My first grader is totally disorganized and very forgetful. His desk at school is a mess and he’s always losing things. Is it too early to worry?
Twenty years ago, I never got asked these types of questions. If I had been asked, I would have said, “Don’t worry, he’s only in first grade!” And while having a messy desk at this age usually isn’t cause for concern, the world has changed since then.
The short answer is that many first graders don’t yet have the ability to get and stay organized. Around third grade, kids are typically able to keep their desk clean and keep track of their things without losing them.
It’s true, though, that today’s first-grade classrooms require kids to be much more organized. And parents and caregivers have become more aware of the importance of organization skills.
In pre-K and early grade school, families and teachers act as tutors to help kids build organization skills. This happens by setting limits and giving clear guidelines for how kids are supposed to behave.
For instance, teachers might say, “We hang up our coats as soon as we come in every morning.” At home, you might say, “You need to take your plate to the sink after dinner.”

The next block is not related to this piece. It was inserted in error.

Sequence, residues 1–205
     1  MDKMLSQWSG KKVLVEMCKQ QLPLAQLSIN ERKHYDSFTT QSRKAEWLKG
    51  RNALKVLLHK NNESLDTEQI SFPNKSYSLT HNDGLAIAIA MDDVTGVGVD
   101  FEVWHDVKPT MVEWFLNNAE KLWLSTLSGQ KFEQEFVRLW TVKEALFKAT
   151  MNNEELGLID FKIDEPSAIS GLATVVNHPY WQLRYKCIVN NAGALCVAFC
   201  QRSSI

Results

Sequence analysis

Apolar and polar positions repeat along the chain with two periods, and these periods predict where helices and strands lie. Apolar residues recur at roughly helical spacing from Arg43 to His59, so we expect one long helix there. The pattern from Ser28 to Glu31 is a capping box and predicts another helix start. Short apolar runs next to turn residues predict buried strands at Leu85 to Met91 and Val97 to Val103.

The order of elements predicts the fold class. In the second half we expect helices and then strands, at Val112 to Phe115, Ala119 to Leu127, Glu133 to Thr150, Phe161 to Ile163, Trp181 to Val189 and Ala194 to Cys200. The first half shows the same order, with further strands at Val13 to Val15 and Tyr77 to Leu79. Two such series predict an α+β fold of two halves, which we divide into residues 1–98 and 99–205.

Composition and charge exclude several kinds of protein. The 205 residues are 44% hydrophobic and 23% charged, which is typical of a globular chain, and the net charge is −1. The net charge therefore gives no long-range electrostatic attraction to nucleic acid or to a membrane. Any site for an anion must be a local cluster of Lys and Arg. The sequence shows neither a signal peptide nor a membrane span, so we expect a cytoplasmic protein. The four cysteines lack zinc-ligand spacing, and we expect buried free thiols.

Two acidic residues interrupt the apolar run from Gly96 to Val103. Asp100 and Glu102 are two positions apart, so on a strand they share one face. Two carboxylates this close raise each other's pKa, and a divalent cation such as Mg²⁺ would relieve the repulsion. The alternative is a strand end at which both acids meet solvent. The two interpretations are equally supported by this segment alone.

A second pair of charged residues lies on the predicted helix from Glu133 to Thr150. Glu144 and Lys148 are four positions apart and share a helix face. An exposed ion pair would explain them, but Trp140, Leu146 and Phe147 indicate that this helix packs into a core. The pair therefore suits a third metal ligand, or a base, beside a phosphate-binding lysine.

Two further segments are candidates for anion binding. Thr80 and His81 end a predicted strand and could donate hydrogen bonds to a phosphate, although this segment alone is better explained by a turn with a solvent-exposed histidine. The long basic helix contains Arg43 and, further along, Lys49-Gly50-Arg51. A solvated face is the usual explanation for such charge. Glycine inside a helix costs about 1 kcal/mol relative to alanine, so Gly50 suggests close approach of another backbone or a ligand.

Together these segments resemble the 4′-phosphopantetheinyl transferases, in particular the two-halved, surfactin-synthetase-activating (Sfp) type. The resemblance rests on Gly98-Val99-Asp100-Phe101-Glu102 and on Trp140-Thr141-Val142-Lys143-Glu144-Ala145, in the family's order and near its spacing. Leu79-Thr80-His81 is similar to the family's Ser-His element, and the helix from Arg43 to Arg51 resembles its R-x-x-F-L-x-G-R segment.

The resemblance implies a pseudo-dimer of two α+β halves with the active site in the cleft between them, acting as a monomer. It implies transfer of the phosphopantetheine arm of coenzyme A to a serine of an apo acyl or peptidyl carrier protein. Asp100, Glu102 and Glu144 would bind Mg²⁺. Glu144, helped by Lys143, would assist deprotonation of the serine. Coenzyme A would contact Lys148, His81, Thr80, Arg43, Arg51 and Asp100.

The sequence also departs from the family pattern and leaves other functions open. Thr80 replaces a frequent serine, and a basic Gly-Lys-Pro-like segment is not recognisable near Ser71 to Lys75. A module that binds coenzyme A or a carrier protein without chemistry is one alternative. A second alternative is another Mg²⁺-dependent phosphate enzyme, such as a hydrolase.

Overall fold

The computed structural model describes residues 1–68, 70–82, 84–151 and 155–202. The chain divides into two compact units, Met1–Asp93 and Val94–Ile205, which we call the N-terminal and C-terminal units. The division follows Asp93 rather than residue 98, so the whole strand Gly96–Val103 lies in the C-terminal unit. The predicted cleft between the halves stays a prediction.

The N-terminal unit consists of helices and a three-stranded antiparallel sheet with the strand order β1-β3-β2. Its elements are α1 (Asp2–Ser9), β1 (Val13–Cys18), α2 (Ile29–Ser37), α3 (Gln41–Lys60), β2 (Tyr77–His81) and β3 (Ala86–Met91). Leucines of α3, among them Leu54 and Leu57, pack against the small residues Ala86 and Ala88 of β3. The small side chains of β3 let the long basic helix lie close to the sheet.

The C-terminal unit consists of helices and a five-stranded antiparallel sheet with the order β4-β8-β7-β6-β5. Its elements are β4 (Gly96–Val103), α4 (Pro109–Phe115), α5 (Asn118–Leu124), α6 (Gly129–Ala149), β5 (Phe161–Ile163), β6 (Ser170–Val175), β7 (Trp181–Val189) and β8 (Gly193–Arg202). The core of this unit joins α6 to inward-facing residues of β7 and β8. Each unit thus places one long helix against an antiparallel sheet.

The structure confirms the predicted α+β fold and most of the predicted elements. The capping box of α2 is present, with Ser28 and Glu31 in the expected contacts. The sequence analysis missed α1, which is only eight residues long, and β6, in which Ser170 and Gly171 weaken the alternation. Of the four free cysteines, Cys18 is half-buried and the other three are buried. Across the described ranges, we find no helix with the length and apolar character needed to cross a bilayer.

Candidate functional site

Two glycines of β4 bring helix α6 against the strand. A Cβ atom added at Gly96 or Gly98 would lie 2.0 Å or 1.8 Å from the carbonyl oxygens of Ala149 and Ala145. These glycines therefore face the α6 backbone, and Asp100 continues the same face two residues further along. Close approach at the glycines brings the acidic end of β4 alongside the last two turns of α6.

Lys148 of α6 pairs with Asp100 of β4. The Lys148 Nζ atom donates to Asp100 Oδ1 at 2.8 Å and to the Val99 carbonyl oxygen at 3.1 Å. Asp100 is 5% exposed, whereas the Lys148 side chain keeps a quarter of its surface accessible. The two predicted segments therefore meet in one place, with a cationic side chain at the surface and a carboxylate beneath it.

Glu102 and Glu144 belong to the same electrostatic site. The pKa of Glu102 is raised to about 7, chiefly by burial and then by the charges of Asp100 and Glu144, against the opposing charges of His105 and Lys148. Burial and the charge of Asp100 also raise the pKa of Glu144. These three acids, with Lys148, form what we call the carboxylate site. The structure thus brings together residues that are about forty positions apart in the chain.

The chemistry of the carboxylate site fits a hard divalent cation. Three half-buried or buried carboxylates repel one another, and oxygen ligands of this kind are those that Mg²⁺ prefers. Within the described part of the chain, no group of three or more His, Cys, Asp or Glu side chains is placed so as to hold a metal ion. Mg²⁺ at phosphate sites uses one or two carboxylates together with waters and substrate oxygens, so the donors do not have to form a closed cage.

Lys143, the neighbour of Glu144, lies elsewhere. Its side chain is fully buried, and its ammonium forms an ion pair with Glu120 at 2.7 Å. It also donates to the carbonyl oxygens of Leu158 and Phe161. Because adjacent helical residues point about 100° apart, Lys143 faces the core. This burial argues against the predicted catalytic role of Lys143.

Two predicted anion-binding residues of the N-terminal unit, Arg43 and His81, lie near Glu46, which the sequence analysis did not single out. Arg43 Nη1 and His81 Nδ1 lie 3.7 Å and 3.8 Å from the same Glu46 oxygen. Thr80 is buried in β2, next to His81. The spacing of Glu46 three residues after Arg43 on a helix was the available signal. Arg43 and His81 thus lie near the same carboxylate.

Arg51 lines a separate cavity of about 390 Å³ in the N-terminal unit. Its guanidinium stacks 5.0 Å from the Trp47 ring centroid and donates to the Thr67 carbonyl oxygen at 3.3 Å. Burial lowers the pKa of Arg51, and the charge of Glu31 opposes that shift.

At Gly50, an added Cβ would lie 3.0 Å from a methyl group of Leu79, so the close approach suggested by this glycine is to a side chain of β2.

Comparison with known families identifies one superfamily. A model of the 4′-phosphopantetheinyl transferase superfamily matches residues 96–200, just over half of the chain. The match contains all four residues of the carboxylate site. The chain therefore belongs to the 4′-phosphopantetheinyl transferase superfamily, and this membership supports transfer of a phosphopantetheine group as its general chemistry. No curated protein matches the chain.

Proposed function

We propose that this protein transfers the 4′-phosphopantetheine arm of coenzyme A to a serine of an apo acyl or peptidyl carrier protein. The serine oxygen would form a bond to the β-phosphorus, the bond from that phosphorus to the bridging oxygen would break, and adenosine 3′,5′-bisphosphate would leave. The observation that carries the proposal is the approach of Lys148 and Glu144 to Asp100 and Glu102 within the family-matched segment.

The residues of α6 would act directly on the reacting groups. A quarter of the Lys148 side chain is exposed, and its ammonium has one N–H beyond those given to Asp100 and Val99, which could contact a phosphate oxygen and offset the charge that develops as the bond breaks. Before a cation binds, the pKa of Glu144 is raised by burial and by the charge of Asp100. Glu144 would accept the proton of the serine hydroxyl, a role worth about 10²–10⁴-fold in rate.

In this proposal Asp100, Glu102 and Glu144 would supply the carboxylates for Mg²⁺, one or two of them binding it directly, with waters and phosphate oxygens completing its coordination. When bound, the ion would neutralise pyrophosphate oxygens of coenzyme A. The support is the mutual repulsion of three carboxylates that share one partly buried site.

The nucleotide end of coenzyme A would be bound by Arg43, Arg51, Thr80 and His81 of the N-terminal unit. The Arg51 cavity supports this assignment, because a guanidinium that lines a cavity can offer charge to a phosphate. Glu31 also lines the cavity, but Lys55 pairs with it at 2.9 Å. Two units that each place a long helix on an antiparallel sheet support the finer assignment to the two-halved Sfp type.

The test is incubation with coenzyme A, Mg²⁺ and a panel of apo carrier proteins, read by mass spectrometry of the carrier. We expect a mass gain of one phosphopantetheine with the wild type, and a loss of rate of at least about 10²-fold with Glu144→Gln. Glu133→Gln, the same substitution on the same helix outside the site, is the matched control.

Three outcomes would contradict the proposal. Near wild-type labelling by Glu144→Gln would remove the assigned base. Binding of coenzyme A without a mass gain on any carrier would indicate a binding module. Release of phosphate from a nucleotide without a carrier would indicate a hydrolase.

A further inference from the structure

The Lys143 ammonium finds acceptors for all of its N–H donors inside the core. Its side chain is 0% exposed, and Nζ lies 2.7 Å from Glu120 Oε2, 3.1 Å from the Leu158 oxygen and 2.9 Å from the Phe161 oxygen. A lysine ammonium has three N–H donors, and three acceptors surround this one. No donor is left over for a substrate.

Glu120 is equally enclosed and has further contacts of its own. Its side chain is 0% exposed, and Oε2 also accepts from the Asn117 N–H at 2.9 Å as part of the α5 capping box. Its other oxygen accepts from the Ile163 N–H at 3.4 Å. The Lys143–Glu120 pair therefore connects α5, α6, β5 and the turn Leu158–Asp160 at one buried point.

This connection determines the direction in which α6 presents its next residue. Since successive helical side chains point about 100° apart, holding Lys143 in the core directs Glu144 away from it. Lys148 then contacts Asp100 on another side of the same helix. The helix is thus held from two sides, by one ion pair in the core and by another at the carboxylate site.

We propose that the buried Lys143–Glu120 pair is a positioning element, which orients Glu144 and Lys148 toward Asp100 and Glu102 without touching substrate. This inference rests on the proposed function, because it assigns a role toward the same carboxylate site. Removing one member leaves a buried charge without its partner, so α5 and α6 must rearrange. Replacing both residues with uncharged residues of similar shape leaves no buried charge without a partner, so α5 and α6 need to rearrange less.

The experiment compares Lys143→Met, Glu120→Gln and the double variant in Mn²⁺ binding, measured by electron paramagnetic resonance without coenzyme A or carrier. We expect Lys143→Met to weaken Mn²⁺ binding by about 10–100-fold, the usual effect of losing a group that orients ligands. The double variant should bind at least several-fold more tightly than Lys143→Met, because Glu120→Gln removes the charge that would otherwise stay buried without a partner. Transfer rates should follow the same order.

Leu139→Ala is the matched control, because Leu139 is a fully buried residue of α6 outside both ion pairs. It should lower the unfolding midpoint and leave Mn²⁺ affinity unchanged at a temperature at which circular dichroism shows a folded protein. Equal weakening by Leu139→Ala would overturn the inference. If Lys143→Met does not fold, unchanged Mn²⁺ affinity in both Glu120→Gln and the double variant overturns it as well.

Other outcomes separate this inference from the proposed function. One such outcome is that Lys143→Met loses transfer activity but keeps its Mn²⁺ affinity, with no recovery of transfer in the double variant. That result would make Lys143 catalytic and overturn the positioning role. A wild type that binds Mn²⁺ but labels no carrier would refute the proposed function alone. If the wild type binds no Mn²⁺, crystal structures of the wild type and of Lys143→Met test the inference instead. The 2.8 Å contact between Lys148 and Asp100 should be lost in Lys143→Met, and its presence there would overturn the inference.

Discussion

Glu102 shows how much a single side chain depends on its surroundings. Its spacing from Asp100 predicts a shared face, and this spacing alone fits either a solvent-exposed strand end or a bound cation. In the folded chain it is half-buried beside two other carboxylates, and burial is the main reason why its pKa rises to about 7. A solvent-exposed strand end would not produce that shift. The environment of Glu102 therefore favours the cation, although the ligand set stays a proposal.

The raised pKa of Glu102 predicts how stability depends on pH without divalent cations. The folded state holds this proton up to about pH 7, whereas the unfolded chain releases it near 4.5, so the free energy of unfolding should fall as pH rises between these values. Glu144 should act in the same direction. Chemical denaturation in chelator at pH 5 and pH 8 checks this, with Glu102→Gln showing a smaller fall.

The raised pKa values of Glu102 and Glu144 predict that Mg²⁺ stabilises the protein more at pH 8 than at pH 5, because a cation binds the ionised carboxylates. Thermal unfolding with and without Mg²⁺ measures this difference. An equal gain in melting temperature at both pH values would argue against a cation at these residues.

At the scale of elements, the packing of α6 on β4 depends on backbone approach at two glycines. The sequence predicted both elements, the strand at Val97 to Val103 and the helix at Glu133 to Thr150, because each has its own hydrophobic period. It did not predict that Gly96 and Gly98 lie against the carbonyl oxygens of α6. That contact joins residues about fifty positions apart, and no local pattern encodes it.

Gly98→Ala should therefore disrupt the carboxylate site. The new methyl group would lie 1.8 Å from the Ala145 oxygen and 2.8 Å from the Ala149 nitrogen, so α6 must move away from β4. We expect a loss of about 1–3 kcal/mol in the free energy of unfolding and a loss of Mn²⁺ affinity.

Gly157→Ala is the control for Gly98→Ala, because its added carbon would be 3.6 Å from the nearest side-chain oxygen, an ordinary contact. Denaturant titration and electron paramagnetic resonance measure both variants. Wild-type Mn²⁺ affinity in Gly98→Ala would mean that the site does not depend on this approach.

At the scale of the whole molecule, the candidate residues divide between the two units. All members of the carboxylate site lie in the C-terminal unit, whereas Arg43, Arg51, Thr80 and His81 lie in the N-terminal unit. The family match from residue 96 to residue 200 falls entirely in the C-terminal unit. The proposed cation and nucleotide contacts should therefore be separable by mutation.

There are other ways to build organization skills at this age, too. For example, kids can use colored pocket folders for papers and assignments to keep their classroom desk neat. At home, they can use well-marked shelves and bins to store belongings.
Having daily routines helps kids know what’s expected of them. You can model organization skills by making a family calendar with chores, events, and activities. It also helps to de-clutter as much as you can at home.
If you try any of these strategies, see how your child responds. If they don’t help your child get more organized by the end of second grade, be on the lookout for related behaviors.
As I mentioned before, having a messy desk in first grade usually isn’t cause for concern. But it’s good that you’re keeping an eye on it. If your child continues to be disorganized, you’ll be ready to provide the best kind of support.
About the author
About the author
Ellen Braaten, PhD is a child psychologist, professor, and founding director of the Learning and Emotional Assessment Program (LEAP) at Massachusetts General Hospital.